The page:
All in all, the U.S. suffered 11 meteorological calamities costing $1 billion or more.
If the memory of last year's seemingly endless series of traumatic weather events still lingers, it's no surprise: 2012 was the second-most costly year for meteorological disasters in the United States since 1980, clocking in at a staggering $110 billion in damages and 377 deaths.
That's according to a new, detailed post mortem on 2012's weather and climate put out by the National Climatic Data Center, which created the map you see above (there's also this state-specific map). It's easy to see how Sandy wound up being the most expensive disaster, with $65 billion in damages – the vicious ultra-storm turned New York's subways into aquaducts and rearranged the face of the Atlantic coastline. But the analysis might contain a few surprises for people who don't follow weather news religiously.
Taking the No. 2 slot, for instance, was the great drought and its wildfires that lasted through the entire year, creating a deadly environment for crops and cattle and dinging the nation to the tune of $30 billion. It was the largest U.S. drought on record since the 1930s. There was also a high number of savage severe-weather strikes that lashed out with strong tornadoes, beginning with an unusual January outbreak in the Mississippi Valley (making it the third-most tornadic January on record) and climaxing with the weirdly powerful derecho that gusted over the eastern half of the country, snapping trees like straws and blowing out power to millions.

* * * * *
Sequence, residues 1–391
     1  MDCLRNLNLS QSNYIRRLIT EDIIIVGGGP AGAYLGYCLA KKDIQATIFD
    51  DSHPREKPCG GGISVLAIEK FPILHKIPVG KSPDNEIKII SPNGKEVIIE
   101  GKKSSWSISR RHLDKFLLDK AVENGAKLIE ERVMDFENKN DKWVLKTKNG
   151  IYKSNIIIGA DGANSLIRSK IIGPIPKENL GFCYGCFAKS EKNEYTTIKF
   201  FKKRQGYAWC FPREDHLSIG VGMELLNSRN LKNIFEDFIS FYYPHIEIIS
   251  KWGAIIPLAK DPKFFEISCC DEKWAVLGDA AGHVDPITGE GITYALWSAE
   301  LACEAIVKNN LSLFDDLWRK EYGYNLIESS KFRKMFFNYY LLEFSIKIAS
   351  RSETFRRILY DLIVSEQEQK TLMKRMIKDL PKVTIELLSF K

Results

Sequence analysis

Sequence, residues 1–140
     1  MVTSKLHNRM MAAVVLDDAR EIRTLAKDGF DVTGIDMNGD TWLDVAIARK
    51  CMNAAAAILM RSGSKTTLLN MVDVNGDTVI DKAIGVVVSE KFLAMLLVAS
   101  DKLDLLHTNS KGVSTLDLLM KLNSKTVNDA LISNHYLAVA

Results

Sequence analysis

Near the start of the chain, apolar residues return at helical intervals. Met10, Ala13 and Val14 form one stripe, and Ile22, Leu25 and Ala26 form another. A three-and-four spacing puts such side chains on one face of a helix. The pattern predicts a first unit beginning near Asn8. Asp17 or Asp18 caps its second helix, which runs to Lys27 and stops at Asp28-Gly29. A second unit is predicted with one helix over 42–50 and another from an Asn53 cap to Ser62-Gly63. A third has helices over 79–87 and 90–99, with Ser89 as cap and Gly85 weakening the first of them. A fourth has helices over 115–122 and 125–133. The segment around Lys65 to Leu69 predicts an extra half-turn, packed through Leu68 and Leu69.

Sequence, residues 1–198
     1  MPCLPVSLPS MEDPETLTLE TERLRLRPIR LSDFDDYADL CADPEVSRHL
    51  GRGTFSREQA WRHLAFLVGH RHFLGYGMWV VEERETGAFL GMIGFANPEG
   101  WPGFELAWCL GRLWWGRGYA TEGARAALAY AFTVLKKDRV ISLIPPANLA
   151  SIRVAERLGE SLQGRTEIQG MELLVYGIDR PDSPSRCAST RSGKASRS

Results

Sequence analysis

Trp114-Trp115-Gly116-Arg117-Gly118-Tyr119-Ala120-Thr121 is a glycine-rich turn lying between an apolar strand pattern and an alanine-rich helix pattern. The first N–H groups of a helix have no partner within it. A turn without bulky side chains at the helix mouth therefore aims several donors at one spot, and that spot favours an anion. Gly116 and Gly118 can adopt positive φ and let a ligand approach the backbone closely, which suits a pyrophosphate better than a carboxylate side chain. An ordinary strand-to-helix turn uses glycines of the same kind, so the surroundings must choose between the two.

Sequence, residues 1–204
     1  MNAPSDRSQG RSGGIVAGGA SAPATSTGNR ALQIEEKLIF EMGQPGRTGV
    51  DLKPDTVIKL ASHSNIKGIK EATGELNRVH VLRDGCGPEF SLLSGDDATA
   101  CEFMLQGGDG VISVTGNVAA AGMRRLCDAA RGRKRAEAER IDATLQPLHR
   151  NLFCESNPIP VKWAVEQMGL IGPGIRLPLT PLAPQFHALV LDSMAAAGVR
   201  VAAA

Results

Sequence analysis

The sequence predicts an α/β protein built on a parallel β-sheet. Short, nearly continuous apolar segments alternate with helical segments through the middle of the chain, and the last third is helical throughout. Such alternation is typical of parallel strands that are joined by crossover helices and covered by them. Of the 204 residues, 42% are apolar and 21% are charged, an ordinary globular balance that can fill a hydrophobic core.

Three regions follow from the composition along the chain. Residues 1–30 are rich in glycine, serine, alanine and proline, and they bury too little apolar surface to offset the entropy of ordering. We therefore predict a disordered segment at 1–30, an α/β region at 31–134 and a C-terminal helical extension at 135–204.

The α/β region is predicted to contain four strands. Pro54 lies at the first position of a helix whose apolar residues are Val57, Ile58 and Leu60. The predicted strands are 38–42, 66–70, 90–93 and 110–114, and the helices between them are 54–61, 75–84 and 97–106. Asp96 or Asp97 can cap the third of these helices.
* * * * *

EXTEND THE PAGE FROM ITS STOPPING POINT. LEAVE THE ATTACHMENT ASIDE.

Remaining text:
All in all, there were 11 disasters costing $1 billion or more, a scourge from the skies and sea that was likely influenced in part by climate change. In the past quarter-century, only 2005 incurred a harsher economic blow, with $160 billion in damages (in then-dollars) coming from four land-falling hurricanes.
To recap, here are a few of the lowlights from last year's weather that the NCDC has put on its map:
The tidal surge was so great that this dude could jet ski through the New Jersey streets:
The derecho of June 29 - July 2:
Five million people had no power and 22 died. Here's the storm as it moved over LaPorte, Indiana:
Witness its force tearing through this parking lot, as seen from a security camera. At times, the derecho's winds topped out over 90 m.p.h.:
Texas tornadoes of April 2 - 3
Here's one of the monster twisters:
Those are truck trailers flying around in the sky, by the way:
Southeast and Ohio Valley tornadoes of March 2 - 3
These folks get a little to close to a huge tornado in West Liberty, Kentucky: